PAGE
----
Other shown features include a surface indentation pattern 23 located on the handle end 5 to insure an easy finger grip and 45 degree beveled side edges 25 on this end. The length of the joined tubular hollow sections can vary. In some embodiments the first section 3 was between about 5 inches long to up to 12 inches to where it met the joined bent section 11. Total lengths of all joined sections can be up to about 2 feet.
It should be clear that the unique bent design of the bit driver tool allows its use in hard to reach places where conventional bit driver units are incapable of functioning. In particular it finds applicability to those situations where a light or fine tuning adjustment is needed to a screw or nut and rotating the outer shank is not possible or impractical. One example for its use, is in the tuning of the adjustment screw on the carburetor of a motorcycle. Other tight fit examples where the invention finds applicability include those performed by electrical or computer technicians where on site servicing is needed for the screws or nuts of such items.
Although the present invention's preferred embodiment and the method of using the same according to the present invention has been described in the foregoing specification with considerable details, it is to be understood that modifications may be made to the invention which do not exceed the scope of the appended claims and modified forms of the present invention done by others skilled in the art to which the invention pertains will be considered infringements of this invention when those modified forms fall within the claimed scope of this invention.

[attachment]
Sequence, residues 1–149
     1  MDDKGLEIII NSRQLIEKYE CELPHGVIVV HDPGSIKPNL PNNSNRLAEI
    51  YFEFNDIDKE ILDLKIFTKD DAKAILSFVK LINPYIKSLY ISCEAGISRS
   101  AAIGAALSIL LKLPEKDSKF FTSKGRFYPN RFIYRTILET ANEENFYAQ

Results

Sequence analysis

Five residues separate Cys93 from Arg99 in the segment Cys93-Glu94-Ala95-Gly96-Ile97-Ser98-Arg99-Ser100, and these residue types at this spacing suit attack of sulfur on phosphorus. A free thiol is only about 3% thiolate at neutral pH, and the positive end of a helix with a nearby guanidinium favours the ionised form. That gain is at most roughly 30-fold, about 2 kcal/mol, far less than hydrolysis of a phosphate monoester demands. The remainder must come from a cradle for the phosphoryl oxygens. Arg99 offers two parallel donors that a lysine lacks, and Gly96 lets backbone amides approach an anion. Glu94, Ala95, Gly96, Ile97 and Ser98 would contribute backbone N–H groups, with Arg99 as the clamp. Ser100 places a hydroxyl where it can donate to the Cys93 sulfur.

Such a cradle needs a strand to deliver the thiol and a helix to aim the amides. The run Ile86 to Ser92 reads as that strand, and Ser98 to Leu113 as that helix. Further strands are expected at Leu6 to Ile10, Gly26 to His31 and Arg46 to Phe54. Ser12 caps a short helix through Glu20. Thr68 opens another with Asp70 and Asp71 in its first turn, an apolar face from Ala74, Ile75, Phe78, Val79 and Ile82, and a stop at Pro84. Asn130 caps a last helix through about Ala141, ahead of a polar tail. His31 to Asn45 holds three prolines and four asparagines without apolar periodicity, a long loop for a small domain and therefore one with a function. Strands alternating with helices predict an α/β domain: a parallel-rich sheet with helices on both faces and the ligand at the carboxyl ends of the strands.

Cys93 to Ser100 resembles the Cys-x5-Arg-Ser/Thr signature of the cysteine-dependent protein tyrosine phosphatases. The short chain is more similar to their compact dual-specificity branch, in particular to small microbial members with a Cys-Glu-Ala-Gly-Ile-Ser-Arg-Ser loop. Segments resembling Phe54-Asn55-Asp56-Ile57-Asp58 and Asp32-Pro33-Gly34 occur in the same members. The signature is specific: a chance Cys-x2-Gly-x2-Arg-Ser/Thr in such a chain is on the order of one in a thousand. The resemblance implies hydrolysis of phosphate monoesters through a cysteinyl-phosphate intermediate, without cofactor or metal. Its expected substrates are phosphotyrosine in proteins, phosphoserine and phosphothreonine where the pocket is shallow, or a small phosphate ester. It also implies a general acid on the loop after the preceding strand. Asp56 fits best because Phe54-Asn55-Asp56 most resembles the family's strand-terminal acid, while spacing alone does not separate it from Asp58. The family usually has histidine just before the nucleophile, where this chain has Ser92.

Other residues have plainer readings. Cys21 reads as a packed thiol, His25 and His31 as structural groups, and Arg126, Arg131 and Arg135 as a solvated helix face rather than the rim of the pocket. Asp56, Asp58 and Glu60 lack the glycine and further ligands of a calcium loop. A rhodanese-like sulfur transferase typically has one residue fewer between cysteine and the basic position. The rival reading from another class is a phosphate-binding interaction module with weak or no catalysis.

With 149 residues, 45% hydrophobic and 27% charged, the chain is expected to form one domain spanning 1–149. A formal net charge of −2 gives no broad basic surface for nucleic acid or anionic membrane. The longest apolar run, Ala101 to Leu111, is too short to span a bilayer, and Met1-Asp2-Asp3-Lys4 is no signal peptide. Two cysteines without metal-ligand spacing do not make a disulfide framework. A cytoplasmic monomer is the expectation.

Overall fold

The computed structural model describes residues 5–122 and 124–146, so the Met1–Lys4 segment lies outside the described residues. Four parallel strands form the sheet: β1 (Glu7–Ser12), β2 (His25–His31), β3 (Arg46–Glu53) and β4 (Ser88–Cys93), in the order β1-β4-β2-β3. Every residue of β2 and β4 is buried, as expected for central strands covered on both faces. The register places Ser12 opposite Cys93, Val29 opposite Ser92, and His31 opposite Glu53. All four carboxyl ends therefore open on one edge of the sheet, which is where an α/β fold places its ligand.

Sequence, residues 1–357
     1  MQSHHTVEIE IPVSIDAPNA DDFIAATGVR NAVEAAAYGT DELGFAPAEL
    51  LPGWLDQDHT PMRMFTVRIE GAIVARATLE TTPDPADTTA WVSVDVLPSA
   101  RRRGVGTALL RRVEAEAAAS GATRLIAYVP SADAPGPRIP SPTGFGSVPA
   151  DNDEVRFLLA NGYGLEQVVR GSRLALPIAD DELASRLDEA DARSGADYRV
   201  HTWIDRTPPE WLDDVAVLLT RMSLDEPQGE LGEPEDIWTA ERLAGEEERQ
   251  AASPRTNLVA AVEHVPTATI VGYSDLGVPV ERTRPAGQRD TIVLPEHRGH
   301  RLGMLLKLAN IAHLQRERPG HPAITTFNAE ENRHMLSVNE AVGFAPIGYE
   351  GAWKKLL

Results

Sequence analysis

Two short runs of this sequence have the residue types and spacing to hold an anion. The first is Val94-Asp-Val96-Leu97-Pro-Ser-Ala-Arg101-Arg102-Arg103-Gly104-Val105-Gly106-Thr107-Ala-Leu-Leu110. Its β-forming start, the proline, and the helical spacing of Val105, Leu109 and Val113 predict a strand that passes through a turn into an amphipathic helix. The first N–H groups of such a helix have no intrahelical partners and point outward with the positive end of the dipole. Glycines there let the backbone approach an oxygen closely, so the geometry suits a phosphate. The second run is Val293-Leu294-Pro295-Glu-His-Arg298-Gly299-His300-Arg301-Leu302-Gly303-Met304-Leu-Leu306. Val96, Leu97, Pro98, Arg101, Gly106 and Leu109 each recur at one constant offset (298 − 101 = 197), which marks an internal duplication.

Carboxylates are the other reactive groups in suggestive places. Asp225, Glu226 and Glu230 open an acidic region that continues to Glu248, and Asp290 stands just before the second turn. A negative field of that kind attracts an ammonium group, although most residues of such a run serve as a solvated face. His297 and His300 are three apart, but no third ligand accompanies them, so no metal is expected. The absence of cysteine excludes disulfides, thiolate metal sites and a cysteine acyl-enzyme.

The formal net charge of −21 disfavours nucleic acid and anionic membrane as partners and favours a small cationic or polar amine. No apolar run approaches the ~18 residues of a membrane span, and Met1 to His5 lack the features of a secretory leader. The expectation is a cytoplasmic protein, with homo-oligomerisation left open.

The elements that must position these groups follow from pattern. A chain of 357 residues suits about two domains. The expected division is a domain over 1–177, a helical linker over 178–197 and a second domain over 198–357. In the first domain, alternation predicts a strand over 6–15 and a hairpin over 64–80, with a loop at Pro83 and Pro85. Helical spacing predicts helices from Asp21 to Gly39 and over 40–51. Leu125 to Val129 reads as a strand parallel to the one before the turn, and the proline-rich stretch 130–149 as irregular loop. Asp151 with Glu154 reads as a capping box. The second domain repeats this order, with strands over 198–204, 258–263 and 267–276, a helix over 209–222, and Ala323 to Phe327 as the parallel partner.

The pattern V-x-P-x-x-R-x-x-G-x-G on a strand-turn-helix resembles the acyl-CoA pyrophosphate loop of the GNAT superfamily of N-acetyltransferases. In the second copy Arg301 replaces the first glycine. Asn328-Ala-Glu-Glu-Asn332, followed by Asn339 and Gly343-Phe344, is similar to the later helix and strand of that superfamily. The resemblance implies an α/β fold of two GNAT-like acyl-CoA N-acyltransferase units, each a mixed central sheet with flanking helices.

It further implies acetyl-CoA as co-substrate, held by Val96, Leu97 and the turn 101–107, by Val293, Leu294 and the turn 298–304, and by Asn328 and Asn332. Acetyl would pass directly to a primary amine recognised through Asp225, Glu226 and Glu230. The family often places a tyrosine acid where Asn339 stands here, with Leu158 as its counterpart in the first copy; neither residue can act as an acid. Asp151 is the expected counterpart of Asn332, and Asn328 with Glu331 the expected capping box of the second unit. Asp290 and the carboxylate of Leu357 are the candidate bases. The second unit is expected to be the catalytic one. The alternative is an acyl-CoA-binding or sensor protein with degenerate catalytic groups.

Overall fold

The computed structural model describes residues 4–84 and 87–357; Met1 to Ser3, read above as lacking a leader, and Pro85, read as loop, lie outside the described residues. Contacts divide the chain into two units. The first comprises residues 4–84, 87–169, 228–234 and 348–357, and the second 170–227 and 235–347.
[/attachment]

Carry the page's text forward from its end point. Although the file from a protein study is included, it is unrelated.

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|U.S. Classification||81/57.43, 81/177.6|
|International Classification||B25B17/00, B25B13/48|
|Cooperative Classification||B25B17/00, B25B13/481|
|European Classification||B25B17/00, B25B13/48B|
|Mar 12, 2003||REMI||Maintenance fee reminder mailed|
|Aug 25, 2003||LAPS||Lapse for failure to pay maintenance fees|
|Oct 21, 2003||FP||Expired due to failure to pay maintenance fee|
Effective date: 20030824